Both New York Post and New York Times have discovered a lot of fake shopping applications in the App Store. This problem has also been recently seen in Google’s Play Store. Some of these applications keeping displaying banner ads while others could even have more server consequences.Some of them could have intense viruses and malware that can be used to steal your personal data. Scammers making these applications can benefit from the unsuspecting individuals entering the credit card info in their fake apps.
Here is a brief roundup of how you can spot the fake applications.
- Check the app’s publisher. You should be careful on this as scammers use quite similar names. For instance, there was a case for Overstock Inc which was a fake and Overstock.com (real).
- Look at the customer reviews in the Google Play Store. A real application should have thousands of positive reviews while a fake app has zero.
- Check the publish date. A fake one has a recent date whereas the real app has an ‘updated on’ date. For instance, Overstock Inc hand been published on 26 October 2016.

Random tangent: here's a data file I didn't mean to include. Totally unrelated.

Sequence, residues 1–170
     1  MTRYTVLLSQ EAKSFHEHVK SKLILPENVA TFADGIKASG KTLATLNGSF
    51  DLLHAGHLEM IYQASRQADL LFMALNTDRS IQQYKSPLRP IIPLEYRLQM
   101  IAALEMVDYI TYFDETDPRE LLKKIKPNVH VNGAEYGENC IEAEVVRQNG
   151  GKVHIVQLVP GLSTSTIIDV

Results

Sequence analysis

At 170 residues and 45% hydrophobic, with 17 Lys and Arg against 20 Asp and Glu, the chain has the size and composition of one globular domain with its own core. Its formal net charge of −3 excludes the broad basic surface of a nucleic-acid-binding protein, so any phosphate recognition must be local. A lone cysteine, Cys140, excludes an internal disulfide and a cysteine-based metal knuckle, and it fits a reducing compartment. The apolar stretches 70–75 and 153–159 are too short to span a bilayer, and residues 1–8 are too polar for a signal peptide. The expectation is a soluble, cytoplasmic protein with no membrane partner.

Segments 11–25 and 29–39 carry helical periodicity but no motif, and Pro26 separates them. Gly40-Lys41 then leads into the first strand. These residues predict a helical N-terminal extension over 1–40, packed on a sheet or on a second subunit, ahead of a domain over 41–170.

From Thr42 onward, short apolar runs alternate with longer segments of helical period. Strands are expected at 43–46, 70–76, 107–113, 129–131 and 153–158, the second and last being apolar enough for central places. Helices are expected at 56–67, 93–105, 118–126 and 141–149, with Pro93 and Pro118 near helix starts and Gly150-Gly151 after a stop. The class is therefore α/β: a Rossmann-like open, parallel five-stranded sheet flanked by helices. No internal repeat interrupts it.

- Look for spelling errors in the description or title. Most of the fake apps are from China. In case the description seems not be the developer’s native language, take extra caution.
- Beware of applications that promise huge discount. If your find the deal too good to be true. It probably is.
- Visit the store website in a browser and then check for a button that says ‘Get app’. This directs you to Google Play Store where you can install the real app.
In case you’ve fallen victim to a fake app, check your credit card or bank account statement instantly. If you find a suspicious activity, immediately report it. You should also change the passwords for all sites that you have personal information. And make sure the passwords
are very strong and not similar on multiple sites.